Skin Cancer Screening

Screening for skin cancer can be life saving! Our goal at Morristown Dermatology is to carefully check your skin for early signs of skin cancer.  All skin cancers are easier to cure if found early.

If an area on the skin looks suspicious, a biopsy is usually preformed. One of our dermatologists will remove as much of the growth as possible with the biopsy. This specimen is then sent to a Dermatopathologist who looks at the tissue under a microscope and can determine if it is a benign growth, an Actinic Keratosis or “precancer” or an actual skin cancer. Treatment can then be determined based on the pathologist’s report.

The most common type of skin cancer is Basal Cell Carcinoma (BCC).  BCCs arise in the skin’s basal cells, which line the deepest layer of the epidermis (the outermost layer of the skin). They can have different appearances which is why it is helpful to have an experienced dermatologist exam your skin regularly.  BCCs can start as a “pimple-like” growth, an open sore that doesn’t heal a red patch or a pink or shiny bump; they can even resemble a scar. They are usually in sun exposed areas of the body being caused by a combination of cumulative UV exposure and intense, occasional UV exposure.  BCC can be disfiguring if allowed to grow, but almost never spreads (metastasizes) beyond the original tumor site. In rare cases BCC can spread to other parts of the body and become life-threatening.

Squamous Cell Carcinoma (SCC) is derived from squamous cells, which compose most of the epidermis or skin’s upper layers.  It is the second most common type of skin cancer.  SCCs often look like red scaly patches or an open sore that does not heal.  It may be a bump with a central depression, or resemble a wart; they may crust or bleed.  SCCs are most common in areas frequently exposed to the sun, such as the rim of the ear, lower lip, face, bald scalp, neck, back of hands, arms and legs but may also be found on the mucous membranes and genitals.   They can become disfiguring and sometimes deadly if allowed to grow.

Anyone who has had a BCC or SCC has an increased chance of developing another, especially in the same area or nearby. Recurrences of the previously treated skin cancer are also possible and typically will occur within the first two years after surgery. SCC on the nose, ears, and lips are especially prone to recurrence. These skin cancers can recur even when they were carefully removed the first time.

You should pay close attention to any previously treated area and point out any changes noted to your dermatologist.   Even if no suspicious signs are noticed, regularly scheduled follow-up visits including total-body skin exams are an essential part of post-treatment care.

Melanoma is the most dangerous form of skin cancer.  Malignant Melanoma (MM) develops when unrepaired damage to skin cells (most often from ultraviolet radiation from the sun or from tanning beds) cause the pigment-producing melanocytes in the basal layer of the epidermis to multiply rapidly and form malignant tumors.   The majority of melanomas are black or brown, but they can also be skin-colored, pink, red, purple, blue or white. Melanoma is caused mainly by intense, occasional UV exposure (frequently leading to sunburn), especially in those who are genetically predisposed to the disease.  It may arise in a pre-existing “mole” or may be a new growth you or your doctor notice.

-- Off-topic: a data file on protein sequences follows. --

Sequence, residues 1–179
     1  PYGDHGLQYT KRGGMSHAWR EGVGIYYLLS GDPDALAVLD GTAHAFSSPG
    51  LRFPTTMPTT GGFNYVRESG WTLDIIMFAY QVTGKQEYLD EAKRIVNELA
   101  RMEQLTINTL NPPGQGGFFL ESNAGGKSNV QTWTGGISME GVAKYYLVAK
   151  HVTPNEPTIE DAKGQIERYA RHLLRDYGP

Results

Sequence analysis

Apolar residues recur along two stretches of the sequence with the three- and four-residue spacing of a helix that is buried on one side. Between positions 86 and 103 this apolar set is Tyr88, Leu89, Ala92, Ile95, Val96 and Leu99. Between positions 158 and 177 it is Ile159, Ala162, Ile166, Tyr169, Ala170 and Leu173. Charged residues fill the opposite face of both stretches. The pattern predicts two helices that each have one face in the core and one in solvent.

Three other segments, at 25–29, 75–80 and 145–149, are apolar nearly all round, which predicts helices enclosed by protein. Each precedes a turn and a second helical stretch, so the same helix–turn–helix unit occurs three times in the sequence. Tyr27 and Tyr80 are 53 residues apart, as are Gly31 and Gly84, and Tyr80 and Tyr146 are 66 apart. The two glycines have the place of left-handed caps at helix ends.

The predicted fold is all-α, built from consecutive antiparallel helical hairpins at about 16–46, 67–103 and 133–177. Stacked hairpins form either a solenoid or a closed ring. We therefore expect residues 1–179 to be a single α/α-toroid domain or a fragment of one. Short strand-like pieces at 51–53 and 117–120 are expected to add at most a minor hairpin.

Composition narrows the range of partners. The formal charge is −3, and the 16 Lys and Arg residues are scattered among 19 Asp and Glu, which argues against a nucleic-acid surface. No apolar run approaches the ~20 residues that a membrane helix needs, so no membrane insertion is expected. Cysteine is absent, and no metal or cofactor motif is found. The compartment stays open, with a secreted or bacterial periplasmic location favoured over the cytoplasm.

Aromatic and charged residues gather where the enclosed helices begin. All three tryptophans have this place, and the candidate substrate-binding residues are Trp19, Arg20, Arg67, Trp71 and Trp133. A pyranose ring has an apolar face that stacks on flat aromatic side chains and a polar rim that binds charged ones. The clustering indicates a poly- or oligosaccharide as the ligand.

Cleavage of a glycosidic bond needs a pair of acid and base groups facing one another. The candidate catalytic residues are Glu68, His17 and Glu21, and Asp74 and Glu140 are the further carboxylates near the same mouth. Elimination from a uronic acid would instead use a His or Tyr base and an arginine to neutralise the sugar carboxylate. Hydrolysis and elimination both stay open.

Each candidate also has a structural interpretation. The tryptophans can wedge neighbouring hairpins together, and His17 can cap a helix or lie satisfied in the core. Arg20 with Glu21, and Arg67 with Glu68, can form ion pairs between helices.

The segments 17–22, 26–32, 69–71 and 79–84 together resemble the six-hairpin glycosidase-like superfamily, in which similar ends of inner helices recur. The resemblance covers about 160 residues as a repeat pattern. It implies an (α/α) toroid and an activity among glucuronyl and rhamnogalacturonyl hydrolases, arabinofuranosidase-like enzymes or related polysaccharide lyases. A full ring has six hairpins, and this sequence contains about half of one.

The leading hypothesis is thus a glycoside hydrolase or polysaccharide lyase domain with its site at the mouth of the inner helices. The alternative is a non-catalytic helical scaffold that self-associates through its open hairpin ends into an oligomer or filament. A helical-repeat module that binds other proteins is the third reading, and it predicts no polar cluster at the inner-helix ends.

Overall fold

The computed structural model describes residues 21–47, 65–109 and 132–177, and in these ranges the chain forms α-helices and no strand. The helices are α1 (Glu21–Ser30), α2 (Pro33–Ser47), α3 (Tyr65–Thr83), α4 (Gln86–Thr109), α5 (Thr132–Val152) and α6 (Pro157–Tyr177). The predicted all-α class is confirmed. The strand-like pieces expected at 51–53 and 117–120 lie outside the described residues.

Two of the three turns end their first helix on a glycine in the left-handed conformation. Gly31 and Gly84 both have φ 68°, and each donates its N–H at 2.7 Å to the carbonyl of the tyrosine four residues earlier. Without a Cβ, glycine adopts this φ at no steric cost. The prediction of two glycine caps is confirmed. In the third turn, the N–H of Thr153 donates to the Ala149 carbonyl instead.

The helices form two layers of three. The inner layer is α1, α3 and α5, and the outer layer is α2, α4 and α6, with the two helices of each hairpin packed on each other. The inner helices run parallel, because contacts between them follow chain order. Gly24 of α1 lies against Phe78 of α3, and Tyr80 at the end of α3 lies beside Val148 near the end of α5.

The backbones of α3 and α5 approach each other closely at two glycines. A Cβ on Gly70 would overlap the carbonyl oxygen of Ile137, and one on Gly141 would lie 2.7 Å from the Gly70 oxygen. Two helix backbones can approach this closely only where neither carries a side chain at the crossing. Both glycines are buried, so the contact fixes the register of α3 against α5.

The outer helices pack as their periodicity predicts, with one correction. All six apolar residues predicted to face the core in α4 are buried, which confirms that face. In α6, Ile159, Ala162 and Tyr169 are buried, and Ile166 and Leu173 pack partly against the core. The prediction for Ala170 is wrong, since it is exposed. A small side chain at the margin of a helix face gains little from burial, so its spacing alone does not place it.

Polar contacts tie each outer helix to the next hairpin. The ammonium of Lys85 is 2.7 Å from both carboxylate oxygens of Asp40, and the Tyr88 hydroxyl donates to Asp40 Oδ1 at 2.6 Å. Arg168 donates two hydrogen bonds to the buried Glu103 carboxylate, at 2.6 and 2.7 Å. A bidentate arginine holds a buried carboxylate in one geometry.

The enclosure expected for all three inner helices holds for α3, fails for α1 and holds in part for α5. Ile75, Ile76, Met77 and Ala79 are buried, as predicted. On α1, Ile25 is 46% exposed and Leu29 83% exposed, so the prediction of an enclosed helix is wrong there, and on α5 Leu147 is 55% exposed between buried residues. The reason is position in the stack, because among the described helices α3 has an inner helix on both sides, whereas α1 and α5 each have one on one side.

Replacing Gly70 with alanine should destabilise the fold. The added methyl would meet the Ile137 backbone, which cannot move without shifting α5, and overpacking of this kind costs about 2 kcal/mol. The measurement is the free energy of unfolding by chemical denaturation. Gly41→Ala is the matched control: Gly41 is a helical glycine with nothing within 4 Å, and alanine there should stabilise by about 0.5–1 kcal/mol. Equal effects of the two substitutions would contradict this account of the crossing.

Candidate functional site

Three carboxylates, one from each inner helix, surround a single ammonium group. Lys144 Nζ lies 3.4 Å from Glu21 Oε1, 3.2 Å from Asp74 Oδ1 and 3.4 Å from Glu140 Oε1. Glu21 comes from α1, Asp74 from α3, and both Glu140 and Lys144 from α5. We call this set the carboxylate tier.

Individuals who have a family history of MM, have already been diagnosed with MM, or sun burn easily and who have red hair are at increased risk for MM.

Over time MM can grow into the deeper layer of skin, (the dermis) and eventually may spread (metastasize) to distant areas of the body.  Melanoma is easier to cure if it is found before it spreads.

When identified and removed in the early stages you can expect a complete cure!

PREVENTING SKIN CANCER

While most skin cancers are almost always curable when detected and treated early, it is best to prevent them in the first place. Try following the sun safety recommendations below:

  • Seek the shade, especially between 10 AM and 4 PM.
  • Do not allow your skin to burn.  Avoid tanning and UV tanning booths.
  • Cover up with clothing, including a broad-brimmed hat and UV-blocking sunglasses.
  • Use a broad spectrum (UVA/UVB) sunscreen with an SPF of 15 or higher every day. For extended outdoor activity, use a water-resistant, broad spectrum (UVA/UVB)
    sunscreen with an SPF of 30 or higher.
  • Apply 1 ounce (2 tablespoons) of sunscreen to the exposed areas of your entire body 30 minutes before going outside. Reapply frequently, at least every two hours or immediately after swimming or excessive sweating.
  • Keep newborns out of the sun. Sunscreens should be used on babies over the age of six months.
  • Examine your skin head-to-toe every month.
  • See your physician every year for a full skin exam.